In 2020, Baby Boomers and the Silent Generation held 70% of household wealth in the US. Generation X has more than five times the wealth of Millennials, yet less than half that of Baby Boomers. However, Gen Xers continue to struggle and deal with more money-related stress than previous generations.

Baby Boomers also tend to do a better job of staying debt-free, while Millennials show signs of doing better at saving for retirement, starting as early as 24 years old. These two generations also contribute the most to their 401k—10% each. Unfortunately, no matter how financially educated Millennials become, they can’t change the economic realities determined by when they were born.

For example, a college education comes with a high price tag. Millennials often feel they have no other options than to apply for student loans, although they often fail to consider the many ways to minimize these debts. They also tend to experience more layoffs, more pay cuts, and fewer promotions than other generations, perhaps as a result of their age and relative inexperience compared to older generations in the workplace.

In the end, Millennials feel they will need a different response to their financial challenges than what their parents used.

Still, Millennials need more financial literacy if they want to find a way out of the current financial challenges. Based on the recent studies from the National Endowment for Financial Education, only 7% of Millennials show high levels of financial literacy, while less than 25% have had some financial education.

What the Future Holds

Gen Zers clearly have taken notice of the financial struggles Millennials endure. Many fear what the future holds, especially in terms of job opportunities and the relevance of their education. They stay away from the idea of debt. Those who decide to start using credit cards seem to have little knowledge of how credit reports and scores work.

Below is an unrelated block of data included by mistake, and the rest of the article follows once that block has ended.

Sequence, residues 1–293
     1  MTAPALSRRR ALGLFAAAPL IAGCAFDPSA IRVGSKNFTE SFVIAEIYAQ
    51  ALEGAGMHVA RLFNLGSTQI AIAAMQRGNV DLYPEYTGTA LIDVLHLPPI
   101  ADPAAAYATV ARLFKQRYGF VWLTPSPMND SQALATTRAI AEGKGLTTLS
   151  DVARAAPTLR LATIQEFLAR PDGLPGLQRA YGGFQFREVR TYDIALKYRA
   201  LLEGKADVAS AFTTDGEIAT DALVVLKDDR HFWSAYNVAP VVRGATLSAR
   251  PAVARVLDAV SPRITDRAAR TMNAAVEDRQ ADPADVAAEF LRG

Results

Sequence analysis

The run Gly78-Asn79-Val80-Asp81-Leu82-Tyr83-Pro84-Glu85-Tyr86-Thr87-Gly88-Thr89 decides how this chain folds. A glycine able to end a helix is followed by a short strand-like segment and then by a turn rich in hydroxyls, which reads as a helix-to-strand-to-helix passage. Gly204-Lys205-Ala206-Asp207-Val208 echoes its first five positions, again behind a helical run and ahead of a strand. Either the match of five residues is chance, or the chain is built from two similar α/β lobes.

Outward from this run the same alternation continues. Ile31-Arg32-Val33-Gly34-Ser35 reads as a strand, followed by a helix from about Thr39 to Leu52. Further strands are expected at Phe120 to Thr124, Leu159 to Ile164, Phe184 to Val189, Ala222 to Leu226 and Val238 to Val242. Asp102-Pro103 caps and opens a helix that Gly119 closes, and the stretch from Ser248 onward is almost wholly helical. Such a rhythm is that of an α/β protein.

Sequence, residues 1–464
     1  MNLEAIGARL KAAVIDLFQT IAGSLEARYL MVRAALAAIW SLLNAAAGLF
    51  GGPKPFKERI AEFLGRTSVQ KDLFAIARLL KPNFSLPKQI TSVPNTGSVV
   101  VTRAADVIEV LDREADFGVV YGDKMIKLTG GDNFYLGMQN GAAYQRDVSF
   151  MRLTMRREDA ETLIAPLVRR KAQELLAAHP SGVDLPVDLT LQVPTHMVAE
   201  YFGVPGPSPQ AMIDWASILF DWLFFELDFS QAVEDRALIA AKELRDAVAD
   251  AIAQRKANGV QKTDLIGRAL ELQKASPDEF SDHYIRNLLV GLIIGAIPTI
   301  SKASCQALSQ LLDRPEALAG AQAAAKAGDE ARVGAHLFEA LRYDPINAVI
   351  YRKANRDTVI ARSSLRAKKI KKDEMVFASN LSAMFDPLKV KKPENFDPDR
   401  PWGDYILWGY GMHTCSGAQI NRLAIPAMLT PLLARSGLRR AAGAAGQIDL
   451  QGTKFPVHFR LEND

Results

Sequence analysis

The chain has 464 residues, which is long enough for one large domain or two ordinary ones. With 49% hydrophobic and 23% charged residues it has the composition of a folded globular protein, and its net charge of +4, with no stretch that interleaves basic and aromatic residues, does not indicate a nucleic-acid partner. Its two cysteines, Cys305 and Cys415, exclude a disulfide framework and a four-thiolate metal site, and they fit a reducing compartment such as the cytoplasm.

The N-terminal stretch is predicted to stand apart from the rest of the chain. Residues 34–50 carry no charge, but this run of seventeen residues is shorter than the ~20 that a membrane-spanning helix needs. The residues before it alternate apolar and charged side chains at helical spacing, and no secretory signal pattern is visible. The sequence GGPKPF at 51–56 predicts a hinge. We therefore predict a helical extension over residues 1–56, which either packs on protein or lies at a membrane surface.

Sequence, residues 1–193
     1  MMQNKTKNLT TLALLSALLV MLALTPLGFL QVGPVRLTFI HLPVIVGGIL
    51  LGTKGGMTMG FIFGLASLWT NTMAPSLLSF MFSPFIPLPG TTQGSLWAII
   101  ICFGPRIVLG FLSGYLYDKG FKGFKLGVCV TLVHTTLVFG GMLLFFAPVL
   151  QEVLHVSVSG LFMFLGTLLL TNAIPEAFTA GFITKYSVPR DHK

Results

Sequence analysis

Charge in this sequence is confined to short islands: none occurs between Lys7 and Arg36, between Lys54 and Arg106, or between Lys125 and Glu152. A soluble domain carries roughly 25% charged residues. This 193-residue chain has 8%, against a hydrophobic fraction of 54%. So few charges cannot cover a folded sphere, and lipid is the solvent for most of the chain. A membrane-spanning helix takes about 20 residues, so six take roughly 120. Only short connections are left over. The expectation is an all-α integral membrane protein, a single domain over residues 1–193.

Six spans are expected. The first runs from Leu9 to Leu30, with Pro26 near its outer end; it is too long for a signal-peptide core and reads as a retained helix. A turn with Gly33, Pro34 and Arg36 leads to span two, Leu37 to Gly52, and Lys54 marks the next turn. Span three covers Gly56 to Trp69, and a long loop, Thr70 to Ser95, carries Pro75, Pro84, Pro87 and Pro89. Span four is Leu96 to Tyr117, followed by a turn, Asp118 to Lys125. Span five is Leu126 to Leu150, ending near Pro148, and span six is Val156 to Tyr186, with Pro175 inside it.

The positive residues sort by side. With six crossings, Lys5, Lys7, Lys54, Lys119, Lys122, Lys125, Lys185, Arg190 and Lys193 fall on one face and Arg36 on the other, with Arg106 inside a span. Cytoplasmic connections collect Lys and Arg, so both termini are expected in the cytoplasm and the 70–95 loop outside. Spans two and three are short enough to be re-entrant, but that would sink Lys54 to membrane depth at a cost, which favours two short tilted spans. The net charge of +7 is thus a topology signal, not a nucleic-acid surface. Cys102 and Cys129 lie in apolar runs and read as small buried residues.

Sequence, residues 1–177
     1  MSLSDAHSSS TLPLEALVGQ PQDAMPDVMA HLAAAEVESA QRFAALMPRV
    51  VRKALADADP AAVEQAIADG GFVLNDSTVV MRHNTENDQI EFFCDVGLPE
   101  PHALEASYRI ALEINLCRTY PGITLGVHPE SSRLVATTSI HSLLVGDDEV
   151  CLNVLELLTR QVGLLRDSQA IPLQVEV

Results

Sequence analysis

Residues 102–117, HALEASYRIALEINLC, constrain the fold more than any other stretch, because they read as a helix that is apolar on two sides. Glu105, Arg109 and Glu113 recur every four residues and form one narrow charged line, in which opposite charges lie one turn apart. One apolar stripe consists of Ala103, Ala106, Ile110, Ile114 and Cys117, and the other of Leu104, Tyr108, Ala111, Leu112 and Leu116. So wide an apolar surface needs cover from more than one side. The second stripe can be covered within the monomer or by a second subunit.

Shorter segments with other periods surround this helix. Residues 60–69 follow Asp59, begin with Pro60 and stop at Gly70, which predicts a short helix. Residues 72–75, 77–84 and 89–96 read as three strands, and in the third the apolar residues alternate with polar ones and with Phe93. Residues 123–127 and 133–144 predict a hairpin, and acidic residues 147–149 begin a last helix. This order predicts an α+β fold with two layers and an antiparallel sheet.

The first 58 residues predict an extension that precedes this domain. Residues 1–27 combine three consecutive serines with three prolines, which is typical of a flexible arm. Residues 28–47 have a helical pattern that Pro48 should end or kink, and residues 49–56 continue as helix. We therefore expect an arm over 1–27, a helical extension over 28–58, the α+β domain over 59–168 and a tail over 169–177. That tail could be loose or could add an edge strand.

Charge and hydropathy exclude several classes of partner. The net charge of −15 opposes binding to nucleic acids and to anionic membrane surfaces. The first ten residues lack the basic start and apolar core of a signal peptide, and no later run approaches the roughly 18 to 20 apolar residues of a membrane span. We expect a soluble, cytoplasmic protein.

Many Gen Zers rely on their parents for financial information that might not offer as many benefits as they think. Fortunately, Gen Zers have grown up with smartphones and computers and have no problems using such tools to handle their money or look for answers to personal finance questions.

In fact, 49% of them say they want to learn more about finances, and 46% believe their school should offer a course on personal finances. Additionally, both Gen Zers and Millennials feel more aware of various asset classes such as cryptocurrency, ETFs, or stocks.

It should surprise no one if different and currently unknown asset classes appear and become widely accepted by future generations. For this very reason, financial literacy and education will remain important, and it will become more digitized.

Financial education of the future will occur through webinars and videos and will depend much more strongly on technology than the seminars, classrooms, and lectures of their predecessors. Mobile banking and apps will disrupt the financial industry and help new generations to prepare for financial independence.


Financial education began as a way to ensure the family’s survival. It made it from one generation to another in the form of advice and tips. When the first banks appeared in the US, institutions realized the importance of attracting people to their services.

Throughout history, some remained wealthy and knew how to manage their investments wisely, while others had to rely on the experiences of others.

The Silent Generation managed to pass on their idea of saving to Baby Boomers who, in turn, built massive amounts of consumer and government debts. Some may even see this as the cause behind the vast wealth gap between Millennials and Baby Boomers.

Today, Millennials struggle, knowing they’ll face difficulties in achieving financial freedom. Still, the future lies in Gen Zers’ hands. They’ve witnessed the mistakes of prior generations and now look for ways to manage their finances better.

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Andriana Moskovska - Andriana is a Digital Marketing Specialist and a Co-Founder at where the main aim is delivering 100% reliable, unbiased, and most recent content. When not working you can catch her watching a documentary or two, rewatching LOTR for the 20th time, or walking with her two German Shepherds.